Documentary Review: Children at a Village School (2014) by Jiang Nengjie

&#8220Children at a Village College&#8221 is the second installment in Jiang Nengjie&#8217s ethnographic documentary trilogy about the life of youngsters in provincial China, a lot more precisely, Guang&#8217an village in Hunan Province. The twenty or so youngsters he follows as they study and go to college in the span of 5 years from 2009, are but a tiny aspect of the 58 million youngsters in rural China who are left to reside with grandparents or other relatives, although each of their parents operate low-waged jobs in the larger cities. They are recognized by the term &#8220left-behind youngsters&#8221. Of the 22 youngsters in Guang&#8217an village, seventeen fall in this category.

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Early on in &#8220Children at a Village College&#8221, the twenty remaining youngsters are gifted a new college by the provincial authorities. It is a dreadful affair, overly lengthy speeches by older males in mismatched suits, lukewarm promises of a vibrant future. Just yet another day for these tiny-time officials, but one thing vital for the whole village and its young inhabitants. As their grandparents inform them all the time, as do their parents when they have the likelihood to meet them, so they don&#8217t have to be peasant farmers like the very first or overworked menial laborers like the second.

The new college is undoubtedly a step up from the areas the youngsters go to college in the earlier entry in the trilogy, &#8220The Road.&#8221 The developing is fairly huge and spanking new, by far the most modern day in the whole village, its focal point, even. But only on the outdoors, and only to a degree. Go a couple of meters out of the facade and you will be greeted by bags of cement, swaths of rocks and sand. It is also in these areas exactly where the students play for the duration of the breaks. Inside, the circumstance isn&#8217t that considerably much better. Cold empty rooms without the need of heat in the cold winter days, and possibly no windows, filled with ancient-hunting desks, undoubtedly from the earlier college the student attended. An empty shell of a developing that although hunting a much better than the earlier private schools held in villagers&#8217 homes, delivers practically nothing to the youngsters.

The empty shell of a developing is also a great metaphor for the education the beautiful youngsters at Guang&#8217an (and possibly of other forsaken rural locations in China) get. On the surface, they are studying difficult (or at least the ones who don&#8217t play on the building web-sites about the college) and finding out factors. They memorize poems, the multiplication table, and other factors. But when asked the simplest query like who is China&#8217s existing leader or what is the capital of their nation, they all fumble. They nonetheless think that Mao Zedong is ruling them and none of them have heard of Beijing or Tiananmen Square. Possibly mainly because that is what the poems in the old books they use in college inform them. As such, they are literate and educated, but only technically. In reality, sadly, they are not.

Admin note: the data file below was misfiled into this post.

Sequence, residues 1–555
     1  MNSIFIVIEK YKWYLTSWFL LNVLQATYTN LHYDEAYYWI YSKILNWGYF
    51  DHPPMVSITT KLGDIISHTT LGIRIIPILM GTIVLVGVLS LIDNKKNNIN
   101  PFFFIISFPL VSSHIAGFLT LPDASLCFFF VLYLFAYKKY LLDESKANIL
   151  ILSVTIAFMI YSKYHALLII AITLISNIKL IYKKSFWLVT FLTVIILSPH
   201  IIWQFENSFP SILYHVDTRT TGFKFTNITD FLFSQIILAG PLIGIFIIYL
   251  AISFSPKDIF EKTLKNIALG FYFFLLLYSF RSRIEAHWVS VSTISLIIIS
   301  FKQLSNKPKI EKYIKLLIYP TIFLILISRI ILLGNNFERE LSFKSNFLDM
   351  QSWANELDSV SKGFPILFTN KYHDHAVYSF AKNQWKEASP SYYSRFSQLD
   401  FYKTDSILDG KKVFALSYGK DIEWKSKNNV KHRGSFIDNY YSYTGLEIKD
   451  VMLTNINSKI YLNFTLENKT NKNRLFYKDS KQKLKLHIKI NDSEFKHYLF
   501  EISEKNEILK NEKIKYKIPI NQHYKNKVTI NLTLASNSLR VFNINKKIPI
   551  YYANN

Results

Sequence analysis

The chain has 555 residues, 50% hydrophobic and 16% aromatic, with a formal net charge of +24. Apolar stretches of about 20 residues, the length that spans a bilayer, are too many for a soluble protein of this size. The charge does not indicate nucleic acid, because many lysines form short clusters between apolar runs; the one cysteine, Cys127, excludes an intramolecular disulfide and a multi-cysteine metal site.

It is really simple right here to blame the teacher for the failure of his students to know even the most widespread of factors. And to a degree, director Jiang Nengjie does so. He portrays the teachers, or at least a single of them mainly because the teachers transform a lot of instances in the span of shooting the documentary, as obsessed with monetary bonuses from the government, not the students&#8217 education. But at the exact same time, via masterfully subtle observations by the documentarian, we see that the teacher is a victim of the technique, just like his students. The government, we are not told, but we quickly subsume, does not care about these people today and all other people like them, irrespective of age, gender, or hierarchical position. They are all abandoned and forgotten.

Or possibly not forgotten per se, mainly because the youngsters from the village are nonetheless necessary by the government. And, sadly, it is not for what their parents and grandparents want for them. Rather, it is for the precise exact same heavy, low paid, and exploitative menial jobs their parents are toiling at, so they can spend for their youngsters&#8217s education. Providing them, and their whole households, empty hopes for a much better future, all the although perpetuating the existing technique. Right here as well, we the symbol of the visually pleasant, but eventually hollow, new college shows itself.

At the finish of the documentary, a group of volunteers wearing T-Shirts with &#8220Love Journey: The Forgotten Young children&#8221 written on them enable two of the youngsters, two naughty brothers who choose playing about the village than studying, get in touch with with their parents more than Skype. As the crying mother begins admonishing her sons to study and memorize their lessons, a lot of of the volunteers start crying uncontrollably. We, as well, can&#8217t but really feel emotional, not only mainly because the youngsters are forced to reside without the need of their parents, but also mainly because the toil of the older generation for their beloved youngsters will most most likely not advantage them. Definitely sad and unfair circumstance, specifically thinking about the like with which the youngsters are presented in this critical piece of ethnographic filmmaking.



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